News and Insights
1 April 2022
Murray v Camerons Limited  JRC179
This significant construction claim resulted in an important judgment that clarifies the Jersey position on contract law and whether the test of consent is objective or subjective.
The contractual dispute
The Court was tasked with determining whether or not a contract existed between the parties and, if there was a contract, the terms of that contract and the financial consequences which flowed from those terms.
The first phase of the project was governed by a typical JCT construction contract which was entered into by the Plaintiff and Defendant, to enable the Defendant to commence certain identified enabling works (the “Enabling Works”). The second phase would also be governed by a further JCT contract to be entered into once the Enabling Works were concluded. This contract would govern the terms relating to the build of the house (the “Main Works”).
Although it was acknowledged that the parties had intended to enter into the further JCT Standard Contract, no further contract was in fact entered into and without an official agreed contract, the parties disagreed as to which documents set out the terms of agreement between them.
The Plaintiff relied on a signed letter of intent (the “Letter of Intent”), which the Plaintiff had sent and which he said formed the agreement between the parties in relation to the Main Works. On the other hand, the Defendant claimed the Letter of Intent had been varied by certain variations which had been recorded in several subsequent emails between the parties (the “Emails”). The Defendant argued that the Emails qualified the Letter of Intent so that it was governed by the terms of the JCT Standard Contract and, accordingly, the Plaintiff should be stopped from denying the Defendant’s entitlement to payment in accordance with the terms of a JCT Standard Contract.
The Court considered the Letter of Intent and the Emails to determine whether a valid contract had been formed between the parties. In making this decision, the Court took the opportunity to set out the principles to be applied for parties who may be faced with a similar contractual dispute.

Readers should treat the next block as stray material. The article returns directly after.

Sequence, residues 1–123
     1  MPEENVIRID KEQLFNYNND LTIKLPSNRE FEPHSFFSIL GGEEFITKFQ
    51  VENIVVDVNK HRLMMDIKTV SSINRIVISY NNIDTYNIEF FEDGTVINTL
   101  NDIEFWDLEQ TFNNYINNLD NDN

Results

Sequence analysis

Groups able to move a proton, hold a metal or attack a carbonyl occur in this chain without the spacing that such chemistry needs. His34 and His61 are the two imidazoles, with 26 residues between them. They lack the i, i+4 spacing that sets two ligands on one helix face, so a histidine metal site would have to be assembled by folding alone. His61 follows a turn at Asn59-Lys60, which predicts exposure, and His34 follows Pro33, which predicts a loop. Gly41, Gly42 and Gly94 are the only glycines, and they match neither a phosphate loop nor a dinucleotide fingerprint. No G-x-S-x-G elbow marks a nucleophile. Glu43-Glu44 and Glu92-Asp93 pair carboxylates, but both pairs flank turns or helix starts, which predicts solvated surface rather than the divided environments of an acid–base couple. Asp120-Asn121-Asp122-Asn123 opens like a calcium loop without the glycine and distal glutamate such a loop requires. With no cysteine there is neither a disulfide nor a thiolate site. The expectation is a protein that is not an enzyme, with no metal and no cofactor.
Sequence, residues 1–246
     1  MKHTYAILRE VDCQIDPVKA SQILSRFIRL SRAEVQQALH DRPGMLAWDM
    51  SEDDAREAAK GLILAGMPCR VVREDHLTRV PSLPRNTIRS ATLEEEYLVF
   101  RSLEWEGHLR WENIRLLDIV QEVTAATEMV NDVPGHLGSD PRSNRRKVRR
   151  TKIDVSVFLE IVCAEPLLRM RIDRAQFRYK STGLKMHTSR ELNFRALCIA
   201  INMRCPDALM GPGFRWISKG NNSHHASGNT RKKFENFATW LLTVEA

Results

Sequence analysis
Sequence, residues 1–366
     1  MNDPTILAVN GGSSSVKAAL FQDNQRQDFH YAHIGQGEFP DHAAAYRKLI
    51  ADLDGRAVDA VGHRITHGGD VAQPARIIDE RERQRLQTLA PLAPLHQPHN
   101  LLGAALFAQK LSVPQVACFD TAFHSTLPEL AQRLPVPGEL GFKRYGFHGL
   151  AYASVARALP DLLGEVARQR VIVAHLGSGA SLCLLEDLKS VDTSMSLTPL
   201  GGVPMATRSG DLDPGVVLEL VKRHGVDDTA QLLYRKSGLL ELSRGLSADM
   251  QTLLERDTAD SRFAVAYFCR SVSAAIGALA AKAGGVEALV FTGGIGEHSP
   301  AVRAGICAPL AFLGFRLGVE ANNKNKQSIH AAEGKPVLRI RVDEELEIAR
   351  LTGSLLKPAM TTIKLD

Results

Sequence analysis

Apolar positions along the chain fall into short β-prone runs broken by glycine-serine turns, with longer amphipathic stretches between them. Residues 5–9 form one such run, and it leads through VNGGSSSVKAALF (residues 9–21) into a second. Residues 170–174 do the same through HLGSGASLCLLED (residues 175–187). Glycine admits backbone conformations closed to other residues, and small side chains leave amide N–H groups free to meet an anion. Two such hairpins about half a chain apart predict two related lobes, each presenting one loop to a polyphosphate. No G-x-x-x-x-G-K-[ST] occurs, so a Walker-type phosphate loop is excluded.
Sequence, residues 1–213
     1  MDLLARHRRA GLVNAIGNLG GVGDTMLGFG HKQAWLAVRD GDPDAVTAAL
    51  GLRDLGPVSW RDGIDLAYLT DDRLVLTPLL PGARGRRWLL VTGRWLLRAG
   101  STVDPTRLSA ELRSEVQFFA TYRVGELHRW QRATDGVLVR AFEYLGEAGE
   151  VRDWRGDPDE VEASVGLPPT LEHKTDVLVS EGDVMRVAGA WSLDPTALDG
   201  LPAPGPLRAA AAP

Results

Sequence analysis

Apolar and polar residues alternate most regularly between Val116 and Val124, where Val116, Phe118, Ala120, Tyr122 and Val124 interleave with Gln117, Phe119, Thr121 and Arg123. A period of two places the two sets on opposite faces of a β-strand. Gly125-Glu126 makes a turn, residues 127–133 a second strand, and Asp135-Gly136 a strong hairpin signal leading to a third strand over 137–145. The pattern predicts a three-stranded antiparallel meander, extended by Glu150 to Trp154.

These principles can be summarised as follows:-
- The Letter of Intent was an informal document not prepared by professionals and therefore greater emphasis had to be placed on the factual matrix.
- The constituent elements of a Jersey contract are well understood and require consent, capacity, an objet and a cause.
- The test for determining contractual consent is an objective test.
- The objet of a contract is the content of what a party undertakes and it must be sufficiently certain. Neither an agreement to agree nor an agreement to negotiate are enforceable on this basis.
- The law in relation to Implied Terms of a contract was well established and set out in the Jersey case of Grove and Briscoe v Baker.
- The Defendant argued that if it was not entitled to be compensated in line with the JCT Contract, it should be entitled to claim damages pursuant to quantum merit/unjust enrichment. The court confirmed that for unjust enrichment to apply the test set out in the leading case of Flynn V Reed must be met.
After discussion of the above principles, and more importantly applying the objective test, the Court determined that it was clear that the Defendant intended, and the Plaintiff had agreed, to make the arrangements provided for in the Letter of Intent subject to the JCT Standard Contract.
The court found that the Plaintiff, in the light of the changed plans and specifications involved in the project after the Enabling Works, must have understood that the Defendant would not be willing to cap the cost of the Project and that these changes would result in substantial additional costs.
The Court looked at the parties’ actions to establish their intentions and determined that the parties’ acceptance of and adoption of, among other things, architect’s instructions, OHP and interim valuations and certificates meant that there was a contract between the parties on the terms of the JCT Standard Form.
As there was a contract between the parties after the first Contract for the continuation of the Main Works, the Defendant was entitled to be paid for its work on an agreed value basis, with OHP.
It is now clear that if there is ambiguity between the parties on what was contractually agreed, the court will determine matters by looking objectively at the actions of both parties: the subjective view of one party will not assist.
If you or your business have run into difficulties in relation to a contractual dispute, the Viberts Dispute Resolution team would be happy to advise and assist.
 Joint Contracts Tribunal (“JCT”) intermediate form of contract
 See point 4
 Jersey customary term – cause is akin but not identical to the English term of consideration,
  JLR 348
  (1) JLR 370